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Two Democrats have proposed resolutions – and they’ve gotten dozens more to sign them – that would bring a zombie Equal Rights Amendment back to Congress on the claim it needs approval from only one more state to become part of the Constitution.

The ERA is the controversial proposal from the 1970s that would amend the U.S. Constitution to state, “Equality of rights under the law shall not be abridged by the United States or by any state on account of sex.”

Robert Marshall, a former member of the Virginia General Assembly, said its “simplistic language” actually “hid a radical progressive social agenda.”

“Amendments were rejected to exempt women from frontline ground combat duty, to require husbands to support their children, to keep certain sexual assaults as crimes, to neutralize ERA’s effect on abortion, to exempt private schools from the ERA, to protect tax-exempt status of churches that have male-only clergy, to permit different insurance rates for men and women, and to deny men access to women’s private facilities and vice versa.”

But now congressional joint resolutions from Rep. Jackie Speier and Sen. Ben Cardin, both Democrats, claim that “whenever 38 states ‘ratify’ the version of the ERA submitted to the states on March 22, 1972, the ERA will be added to the Constitution.”

Marshall explained in his writings at the Federalist it probably won’t be that simple.

First, the congressional deadline for the measure to be approved by 38 states or die was in 1982.

Then there are the five states that approved it and then rescinded that approval.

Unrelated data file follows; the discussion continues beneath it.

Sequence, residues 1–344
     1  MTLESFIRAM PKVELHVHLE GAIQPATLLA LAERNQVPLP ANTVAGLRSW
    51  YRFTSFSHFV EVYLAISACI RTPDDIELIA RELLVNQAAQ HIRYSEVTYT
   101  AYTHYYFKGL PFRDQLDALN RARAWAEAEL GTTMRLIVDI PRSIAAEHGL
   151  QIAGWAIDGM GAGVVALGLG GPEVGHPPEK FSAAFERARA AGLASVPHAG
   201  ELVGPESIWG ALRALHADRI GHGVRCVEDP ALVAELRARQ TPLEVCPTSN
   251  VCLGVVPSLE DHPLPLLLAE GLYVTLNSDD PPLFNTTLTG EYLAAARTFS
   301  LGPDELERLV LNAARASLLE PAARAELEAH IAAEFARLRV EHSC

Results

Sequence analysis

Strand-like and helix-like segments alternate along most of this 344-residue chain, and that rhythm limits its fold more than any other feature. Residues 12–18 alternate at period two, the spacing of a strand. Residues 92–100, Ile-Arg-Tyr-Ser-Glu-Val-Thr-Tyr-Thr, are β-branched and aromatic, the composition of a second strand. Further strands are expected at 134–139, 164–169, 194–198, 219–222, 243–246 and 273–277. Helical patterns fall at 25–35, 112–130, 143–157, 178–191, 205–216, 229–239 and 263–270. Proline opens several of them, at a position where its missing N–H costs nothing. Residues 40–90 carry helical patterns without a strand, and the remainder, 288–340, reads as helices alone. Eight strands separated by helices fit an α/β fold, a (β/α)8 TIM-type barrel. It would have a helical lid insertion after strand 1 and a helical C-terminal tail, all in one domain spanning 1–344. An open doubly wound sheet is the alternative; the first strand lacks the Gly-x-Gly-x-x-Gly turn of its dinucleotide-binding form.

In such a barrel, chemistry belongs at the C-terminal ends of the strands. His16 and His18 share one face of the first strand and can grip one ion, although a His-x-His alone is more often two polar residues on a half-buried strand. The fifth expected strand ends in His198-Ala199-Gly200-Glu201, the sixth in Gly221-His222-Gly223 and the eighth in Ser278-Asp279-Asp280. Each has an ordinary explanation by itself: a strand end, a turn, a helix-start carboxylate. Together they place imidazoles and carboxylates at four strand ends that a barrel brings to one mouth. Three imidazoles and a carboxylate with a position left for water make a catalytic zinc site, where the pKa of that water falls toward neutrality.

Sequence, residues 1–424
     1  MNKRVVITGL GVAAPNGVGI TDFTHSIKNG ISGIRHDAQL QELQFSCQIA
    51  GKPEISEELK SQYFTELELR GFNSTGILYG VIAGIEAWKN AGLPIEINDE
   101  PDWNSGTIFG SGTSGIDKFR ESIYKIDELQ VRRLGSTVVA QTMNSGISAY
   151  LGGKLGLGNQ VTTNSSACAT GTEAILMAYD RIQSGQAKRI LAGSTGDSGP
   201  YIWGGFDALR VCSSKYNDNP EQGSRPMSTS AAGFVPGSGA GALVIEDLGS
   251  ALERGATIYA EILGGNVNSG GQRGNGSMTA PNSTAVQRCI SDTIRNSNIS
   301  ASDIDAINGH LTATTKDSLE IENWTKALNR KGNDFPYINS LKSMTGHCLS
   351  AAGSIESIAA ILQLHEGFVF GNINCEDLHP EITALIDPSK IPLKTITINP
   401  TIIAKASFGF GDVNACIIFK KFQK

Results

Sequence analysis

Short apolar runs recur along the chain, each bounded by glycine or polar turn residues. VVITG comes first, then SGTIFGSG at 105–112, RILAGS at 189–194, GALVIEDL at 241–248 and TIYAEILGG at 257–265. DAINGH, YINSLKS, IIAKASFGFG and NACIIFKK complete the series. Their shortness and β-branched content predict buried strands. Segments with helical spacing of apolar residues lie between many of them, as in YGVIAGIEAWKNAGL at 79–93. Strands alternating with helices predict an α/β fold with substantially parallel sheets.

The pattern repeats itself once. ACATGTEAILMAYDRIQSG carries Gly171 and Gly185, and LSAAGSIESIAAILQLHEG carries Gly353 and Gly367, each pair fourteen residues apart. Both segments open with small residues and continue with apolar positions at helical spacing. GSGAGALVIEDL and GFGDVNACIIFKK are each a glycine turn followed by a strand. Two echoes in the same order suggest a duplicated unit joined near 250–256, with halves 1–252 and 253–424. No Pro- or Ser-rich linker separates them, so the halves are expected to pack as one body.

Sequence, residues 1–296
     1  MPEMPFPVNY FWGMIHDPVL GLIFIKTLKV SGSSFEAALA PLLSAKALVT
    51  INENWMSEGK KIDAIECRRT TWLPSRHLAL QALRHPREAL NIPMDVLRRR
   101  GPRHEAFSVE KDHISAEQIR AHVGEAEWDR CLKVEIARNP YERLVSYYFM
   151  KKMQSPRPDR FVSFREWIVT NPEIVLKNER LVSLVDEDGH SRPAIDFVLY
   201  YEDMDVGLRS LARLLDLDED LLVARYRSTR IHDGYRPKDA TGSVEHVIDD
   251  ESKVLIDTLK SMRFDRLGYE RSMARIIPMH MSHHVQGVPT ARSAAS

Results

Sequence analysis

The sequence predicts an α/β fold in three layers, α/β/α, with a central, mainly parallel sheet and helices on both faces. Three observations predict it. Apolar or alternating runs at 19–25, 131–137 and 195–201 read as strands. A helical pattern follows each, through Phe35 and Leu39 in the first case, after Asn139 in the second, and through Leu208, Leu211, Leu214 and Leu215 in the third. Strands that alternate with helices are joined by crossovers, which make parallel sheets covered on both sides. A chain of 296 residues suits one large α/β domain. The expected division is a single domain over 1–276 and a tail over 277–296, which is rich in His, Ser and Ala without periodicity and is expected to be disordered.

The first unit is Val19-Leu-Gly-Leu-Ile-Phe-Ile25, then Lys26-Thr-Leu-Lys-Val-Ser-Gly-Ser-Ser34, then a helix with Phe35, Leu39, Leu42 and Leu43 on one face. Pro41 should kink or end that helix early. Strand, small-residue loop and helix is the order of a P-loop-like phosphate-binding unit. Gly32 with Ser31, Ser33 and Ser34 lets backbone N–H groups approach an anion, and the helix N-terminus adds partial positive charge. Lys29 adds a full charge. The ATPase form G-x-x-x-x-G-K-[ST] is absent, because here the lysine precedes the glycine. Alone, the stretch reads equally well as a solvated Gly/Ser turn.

The ERA back in the day was defeated in large part because of Phyllis Schlafly and her Eagle Forum opposition.

At the time, ERA supporters admitted it was dead without the proper support by the deadline.

For example, Marjorie Bell, head of the American Association of University Women at the time, confirmed, “Failure to extend now the time limit for ratification of the Equal Rights Amendment would terminate – what Congress initiated.”

At the time, only 35 states approved, and in recent years, two more states joined, but at the same time, ratifications from Nebraska, Tennessee, Idaho, Kentucky and South Dakota were withdrawn.

Marshall wrote, “ERA proponents now claim they need only add three more states to the original 35 which ratified by 1982 (ignoring the five states rescinding approval), to reach the 38 states required to add the ERA to ‘their’ Constitution!”

He explained the wild claim comes from the adoption of the 27th Amendment limiting congressional pay, which was proposed 200 years ago and eventually approved in 1992.

But it included no ratification deadline, such as the ERA had.

“Liberals are counting the actions by Nevada’s legislature (2017), and Illinois’ legislature (2018) allegedly ratifying the non-pending ERA as two of the three states they contend will bring them to the 38 state requirement,” Marshall explained.

WND reported last summer that legislative attorney Jon Shimabukuro of the Congressional Research Service wrote about the challenges ERA proponents face years after the deadline for ratification expired.

“Thirty-seven states have now ratified the ERA, and some supporters of the amendment maintain that ratification by just one additional state could result in its adoption. … Whether the ERA can be so adopted, however, is not entirely certain,” he wrote at the time.

“Questions concerning the expiration of Congress’s original ratification deadline without approval by three-fourths of the states, and the rescission of ratifications by five states between 1973 and 1978, would likely have to be addressed before the ERA would be formally adopted.”

An entirely new resolution from Congress and ratification campaign may be needed, the CRS report suggested.

Moving forward otherwise would invite legal challenges over the deadline, the time frame, the states that rescinded their endorsement and more, he said.

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